The NYPD wants to keep the upcoming High Holy Days the safest on record.
From now through the end of October, area precincts will be given extra coverage to local synagogues and other houses of worship as the borough celebrates one of the holiest times of the season for both the Jewish and Muslim faith – Rosh Hashanah and Ramadan.
“We normally have increased coverage around hoses of worship this time of the year supplemented with foot patrols and our auxiliary patrols. They’re going to be our extra eyes and ears at these sensitive locations,” explained Lt. James Woods, head of Brooklyn South’s Community Affairs staff. “We’re also going to depend a lot on the public and ask them if they see anything that alarms them to alert us immediately.”
Historically, the faithful celebrations of Rosh Hashanah, Sukkot and Yom Kippur have come with the stain of anti-Semitism.
It’s during this time of the year that swastikas are found on buildings, and cars are vandalized in Orthodox neighborhoods.
According to a recent study by the Anti-Defamation League, the number of anti-Semitic incidents in Brooklyn increased in 2007, from 67 to 70 incidents borough wide, including an incident in Brooklyn Heights, where swastikas were seen smeared on the steps of two neighborhood synagogues.
In a separate incident, swastikas and graffiti were found plastered on a yeshiva school bus in Williamsburg on the eve of Yom Kippur, with phrases like “F*** Jews” and the “second coming of Hitler” found on the windows.
It’s also during this time of the year that the NYPD precincts implement their “house of worship car” which is solely responsible to checking neighborhood synagogues, churches and mosques.
“During the High Holy Days, we want to keep our officers moving around, we don’t want to keep everything in one spot,” said Inspector Peter DiBlasio, the commanding officer of the 66th Precinct in Borough Park.
Lt. Woods said that Brooklyn South Officers will be keeping an eye on the avenues and pedestrian corridors used by holiday celebrants, so nothing goes wrong as they make their way back and forth from their homes to their houses of worship.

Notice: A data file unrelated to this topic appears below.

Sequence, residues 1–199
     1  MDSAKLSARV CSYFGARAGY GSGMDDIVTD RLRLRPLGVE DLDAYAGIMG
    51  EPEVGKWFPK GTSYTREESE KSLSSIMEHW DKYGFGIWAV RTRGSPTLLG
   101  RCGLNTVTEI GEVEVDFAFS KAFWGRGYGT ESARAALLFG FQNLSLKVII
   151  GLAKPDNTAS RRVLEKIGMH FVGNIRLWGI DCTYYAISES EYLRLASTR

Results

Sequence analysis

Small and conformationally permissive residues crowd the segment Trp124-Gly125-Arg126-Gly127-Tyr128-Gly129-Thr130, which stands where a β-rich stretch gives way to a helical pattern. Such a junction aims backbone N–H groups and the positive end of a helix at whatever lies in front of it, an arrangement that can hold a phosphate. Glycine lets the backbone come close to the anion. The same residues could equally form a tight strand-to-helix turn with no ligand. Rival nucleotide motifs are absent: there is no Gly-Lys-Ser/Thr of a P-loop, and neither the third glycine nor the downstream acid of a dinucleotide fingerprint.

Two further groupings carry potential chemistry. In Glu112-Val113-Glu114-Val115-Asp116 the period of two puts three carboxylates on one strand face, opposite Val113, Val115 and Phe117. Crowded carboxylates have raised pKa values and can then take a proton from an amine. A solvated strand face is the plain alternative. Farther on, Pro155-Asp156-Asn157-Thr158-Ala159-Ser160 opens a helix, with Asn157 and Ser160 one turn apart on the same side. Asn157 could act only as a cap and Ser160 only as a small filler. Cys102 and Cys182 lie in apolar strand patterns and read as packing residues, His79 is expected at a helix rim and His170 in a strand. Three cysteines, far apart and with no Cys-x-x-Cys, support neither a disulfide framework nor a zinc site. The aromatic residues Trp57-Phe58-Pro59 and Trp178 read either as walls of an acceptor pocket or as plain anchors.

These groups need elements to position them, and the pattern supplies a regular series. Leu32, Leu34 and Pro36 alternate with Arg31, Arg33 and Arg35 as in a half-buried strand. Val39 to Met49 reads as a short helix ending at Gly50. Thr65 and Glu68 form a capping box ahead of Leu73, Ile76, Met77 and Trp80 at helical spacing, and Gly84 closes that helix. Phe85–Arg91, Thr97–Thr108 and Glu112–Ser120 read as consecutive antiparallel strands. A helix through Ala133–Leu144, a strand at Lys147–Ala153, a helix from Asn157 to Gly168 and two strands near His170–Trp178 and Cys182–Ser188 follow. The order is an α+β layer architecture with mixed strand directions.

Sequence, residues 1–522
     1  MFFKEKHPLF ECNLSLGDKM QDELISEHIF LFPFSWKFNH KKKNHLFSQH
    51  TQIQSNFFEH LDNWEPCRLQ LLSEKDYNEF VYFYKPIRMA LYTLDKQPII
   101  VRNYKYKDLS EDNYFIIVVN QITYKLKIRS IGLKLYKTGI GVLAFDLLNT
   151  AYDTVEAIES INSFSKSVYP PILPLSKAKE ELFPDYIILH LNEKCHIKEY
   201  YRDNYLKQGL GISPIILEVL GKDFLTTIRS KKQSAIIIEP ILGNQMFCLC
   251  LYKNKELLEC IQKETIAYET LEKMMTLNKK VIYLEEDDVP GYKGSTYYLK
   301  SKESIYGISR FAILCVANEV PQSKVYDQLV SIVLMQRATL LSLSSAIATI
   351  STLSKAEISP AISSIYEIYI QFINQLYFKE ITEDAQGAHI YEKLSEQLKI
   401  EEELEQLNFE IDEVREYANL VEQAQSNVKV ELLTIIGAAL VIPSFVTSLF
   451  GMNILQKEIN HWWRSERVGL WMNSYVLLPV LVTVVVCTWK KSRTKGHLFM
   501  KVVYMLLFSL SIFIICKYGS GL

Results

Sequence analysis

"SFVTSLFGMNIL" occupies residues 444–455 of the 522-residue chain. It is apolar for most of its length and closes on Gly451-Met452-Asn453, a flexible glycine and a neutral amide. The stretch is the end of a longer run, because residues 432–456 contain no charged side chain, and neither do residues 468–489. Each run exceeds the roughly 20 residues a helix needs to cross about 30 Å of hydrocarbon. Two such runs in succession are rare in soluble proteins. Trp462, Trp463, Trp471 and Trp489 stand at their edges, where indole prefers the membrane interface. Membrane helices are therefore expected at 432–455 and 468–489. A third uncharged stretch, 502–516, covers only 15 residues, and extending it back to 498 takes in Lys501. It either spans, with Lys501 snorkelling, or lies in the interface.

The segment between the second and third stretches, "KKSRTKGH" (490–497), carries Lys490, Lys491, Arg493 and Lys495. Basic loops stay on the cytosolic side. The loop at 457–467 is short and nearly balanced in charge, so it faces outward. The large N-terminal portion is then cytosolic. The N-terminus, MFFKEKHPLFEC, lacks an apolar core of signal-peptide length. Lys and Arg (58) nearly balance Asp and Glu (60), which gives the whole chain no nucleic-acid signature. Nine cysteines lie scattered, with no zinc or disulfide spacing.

“We’re ready and willing to help any group that needs extra coverage from us and we’re always going to be ready to handle anyone’s concerns,” said Woods, who added that the NYPD hasn’t received any credible information about plans to disrupt Brooklyn’s many high holy day celebrations.
“There’s no heightened concern, but we’re always on the alert for anything unusual,” he said.
Police Commissioner Ray Kelly outlined the plans for this year’s high holy day coverage during a special gathering with police brass and religious leaders from throughout the five boroughs.
The gathering was punctuated with the returning of eight sacred Torahs to a Jewish Center in Queens.
Weeks earlier, the handwritten scrolls were removed from the house of worship by a former maintenance worker.
“This presentation of the Torahs not only symbolizes our commitment to one another and the protection of religious freedom, it also illustrates a job well done by police,” Kelly told audience members, before outlining the NYPD’s holy day coverage, as well as an overview of the steps they are taking to protect the city from potential terrorist threats.